Leuthero: I started to really take things seriously over COVID. I guess right before COVID started, there was kind of a perfect storm. People just went hard that year. I went hard. I would spend as much time making music in the studio as I could. Maybe it wasn’t the healthiest thing to do, right? Because it was COVID, we were all stuck inside and the pandemic was really tough for a lot of people, but it was it was kind of like smoke and mirrors for me at least. I really got into music production and learned as much as I possibly could. I often made terrible music, terrible sounds, and stuff. I loved it. I’ve always loved experimenting with new stuff. I was in the studio/bedroom at the time with a pair of small speakers, Xbox headphones, you know, that’s like what I had. And I would watch YouTube videos, learn about something, and then go try it and then go back and watch YouTube videos and then go try it. I tried to soak in as much knowledge as I possibly could and helped me level off and get a good understanding. Then I did a bunch of mentoring sessions with Blanke who I really got into the next level. Seeing how someone else does things helped me overcome some of the obstacles I was facing in the studio and helped me make a sound of my own.
HIHF: How did you register that you were ready for that kind of extreme? Because if you go and you’ve never done it before, it might not really get what you want out of it. How did you know ‘I’m going to go to this and it’s going to make me improve?’
Leuthero: Feedback from friends was important. When you start getting feedback from people and you can tell when they’re being honest, that’s a good thing. I realized I have that fire in me. I decided to keep going and to keep getting better. I asked myself, what’s the best way for me to learn? And then Blanke, JP, like and I corresponded a few times over Instagram. I set them up randomly. I reached out and asked if he ever like be open to lessons before he even had them available. I know he kind of advertises now or he has in the past. I just shot my shot and he was like, ‘Yeah, sure.’ So we did a ton of sessions and I learned so much.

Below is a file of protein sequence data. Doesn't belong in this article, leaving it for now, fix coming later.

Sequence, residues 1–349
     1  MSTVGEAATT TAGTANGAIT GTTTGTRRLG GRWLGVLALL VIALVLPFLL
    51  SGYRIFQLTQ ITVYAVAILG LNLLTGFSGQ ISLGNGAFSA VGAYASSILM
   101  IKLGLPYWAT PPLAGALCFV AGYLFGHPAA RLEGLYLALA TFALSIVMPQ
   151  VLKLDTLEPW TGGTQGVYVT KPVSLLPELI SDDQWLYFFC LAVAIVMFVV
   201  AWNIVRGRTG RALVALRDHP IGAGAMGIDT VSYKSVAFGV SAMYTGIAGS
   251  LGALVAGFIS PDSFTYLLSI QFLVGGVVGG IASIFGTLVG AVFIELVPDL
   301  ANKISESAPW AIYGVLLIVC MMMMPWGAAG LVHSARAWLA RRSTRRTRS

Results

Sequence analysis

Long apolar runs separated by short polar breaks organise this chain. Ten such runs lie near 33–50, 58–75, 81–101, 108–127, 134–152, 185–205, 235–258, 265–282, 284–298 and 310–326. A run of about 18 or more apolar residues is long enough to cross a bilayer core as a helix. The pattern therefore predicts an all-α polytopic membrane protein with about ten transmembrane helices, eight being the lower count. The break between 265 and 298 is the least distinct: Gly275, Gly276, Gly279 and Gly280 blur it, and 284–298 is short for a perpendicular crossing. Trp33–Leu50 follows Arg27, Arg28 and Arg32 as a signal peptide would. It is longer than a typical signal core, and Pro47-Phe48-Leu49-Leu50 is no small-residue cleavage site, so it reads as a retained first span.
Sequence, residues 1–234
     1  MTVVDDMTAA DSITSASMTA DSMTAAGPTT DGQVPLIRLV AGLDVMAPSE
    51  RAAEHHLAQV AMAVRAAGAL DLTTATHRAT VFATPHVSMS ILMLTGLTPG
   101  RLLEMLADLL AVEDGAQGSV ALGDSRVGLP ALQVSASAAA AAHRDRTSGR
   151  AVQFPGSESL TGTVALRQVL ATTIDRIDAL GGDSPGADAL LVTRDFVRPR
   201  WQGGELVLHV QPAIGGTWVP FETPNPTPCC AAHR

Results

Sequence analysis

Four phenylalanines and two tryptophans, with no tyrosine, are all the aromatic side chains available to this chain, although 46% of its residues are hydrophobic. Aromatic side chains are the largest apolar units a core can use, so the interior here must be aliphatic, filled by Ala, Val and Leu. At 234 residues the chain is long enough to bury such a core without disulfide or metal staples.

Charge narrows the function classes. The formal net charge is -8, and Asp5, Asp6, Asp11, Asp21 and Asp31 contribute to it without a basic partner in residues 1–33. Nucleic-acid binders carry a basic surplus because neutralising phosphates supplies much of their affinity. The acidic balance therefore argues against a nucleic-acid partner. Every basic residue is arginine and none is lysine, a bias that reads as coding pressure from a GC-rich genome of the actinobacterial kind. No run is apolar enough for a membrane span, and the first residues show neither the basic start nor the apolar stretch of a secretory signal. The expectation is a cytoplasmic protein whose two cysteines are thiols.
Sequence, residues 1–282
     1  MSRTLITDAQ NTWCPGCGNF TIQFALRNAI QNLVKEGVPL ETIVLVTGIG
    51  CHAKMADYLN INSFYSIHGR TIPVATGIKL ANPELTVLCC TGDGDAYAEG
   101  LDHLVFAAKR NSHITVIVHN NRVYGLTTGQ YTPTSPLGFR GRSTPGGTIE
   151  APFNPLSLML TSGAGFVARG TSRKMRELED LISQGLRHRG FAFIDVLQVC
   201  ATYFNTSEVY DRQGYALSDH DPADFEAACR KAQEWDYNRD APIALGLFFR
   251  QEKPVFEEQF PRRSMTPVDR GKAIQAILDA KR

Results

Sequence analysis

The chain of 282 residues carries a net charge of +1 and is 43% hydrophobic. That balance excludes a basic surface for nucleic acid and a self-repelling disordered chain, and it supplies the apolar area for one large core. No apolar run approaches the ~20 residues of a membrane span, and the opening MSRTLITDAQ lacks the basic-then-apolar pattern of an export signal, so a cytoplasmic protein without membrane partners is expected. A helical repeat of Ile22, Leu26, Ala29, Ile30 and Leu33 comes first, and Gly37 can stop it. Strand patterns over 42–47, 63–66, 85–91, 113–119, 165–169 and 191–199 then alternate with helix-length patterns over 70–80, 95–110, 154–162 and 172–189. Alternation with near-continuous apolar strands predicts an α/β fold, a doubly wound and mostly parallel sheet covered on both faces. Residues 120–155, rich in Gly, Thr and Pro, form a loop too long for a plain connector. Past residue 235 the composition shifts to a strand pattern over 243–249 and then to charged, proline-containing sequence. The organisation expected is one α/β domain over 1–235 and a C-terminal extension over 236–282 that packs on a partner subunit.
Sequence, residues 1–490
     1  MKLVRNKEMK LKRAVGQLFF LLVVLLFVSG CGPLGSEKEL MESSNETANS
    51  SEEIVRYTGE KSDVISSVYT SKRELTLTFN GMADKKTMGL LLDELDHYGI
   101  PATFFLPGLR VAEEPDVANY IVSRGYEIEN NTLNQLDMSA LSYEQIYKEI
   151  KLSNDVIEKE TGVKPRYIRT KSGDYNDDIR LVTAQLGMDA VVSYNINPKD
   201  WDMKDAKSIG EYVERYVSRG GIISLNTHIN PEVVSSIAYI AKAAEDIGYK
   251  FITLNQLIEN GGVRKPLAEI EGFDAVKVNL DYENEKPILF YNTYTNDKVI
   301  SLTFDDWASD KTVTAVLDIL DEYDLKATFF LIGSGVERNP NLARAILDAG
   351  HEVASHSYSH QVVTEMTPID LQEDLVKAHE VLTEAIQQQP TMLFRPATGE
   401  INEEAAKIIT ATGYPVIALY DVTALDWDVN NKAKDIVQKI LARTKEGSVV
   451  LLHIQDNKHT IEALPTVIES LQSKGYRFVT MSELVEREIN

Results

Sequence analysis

HIHF: Since you started releasing Music More, you got your EP out now. How has your network grown and how do you go about growing it?
Leuthero: I really didn’t do anything when I started. And then about a year later, I really saw the importance of going out and trying to network and it just kind of happens naturally. My manager Maribel helped and I connected with a bunch of other artists and producers. The first big artist I connected with was Blanke. I started talking to as many people as I could. Getting out of my comfort zone and introducing myself. I found that to be important because if I was to run into that person again, we would already have that initial connection. It’s hard to meet a ton of people, but once you do you can meet new people through those people and so on and so forth. And it just, it just kind of like builds upon itself.
HIHF: It sounds like you have a good set of feet on the ground moving in a good direction. You’re surrounding yourself with good people and you’re building yourself up and the best way you know you can.
Leuthero: Yeah, of course. Thank you for having me. I really appreciate it. I was looking forward to this. And I also have to say, that I hugely appreciate Heard It Here First, all the support over the years from my previous project Matt Ryan all the way up until this point. It means a lot to me.
A huge thank you to Leuthero for joining us to discuss his career and life at the Elements Festival. We so enjoy getting to know artists through their releases and cherish the opportunities we have to speak with them in person. We hope anyone reading this may take a nugget of information and help grow their own skills. Who knows? Maybe we’ll be interviewing you next. Thank you again to Leuthero, be sure to show him some love online!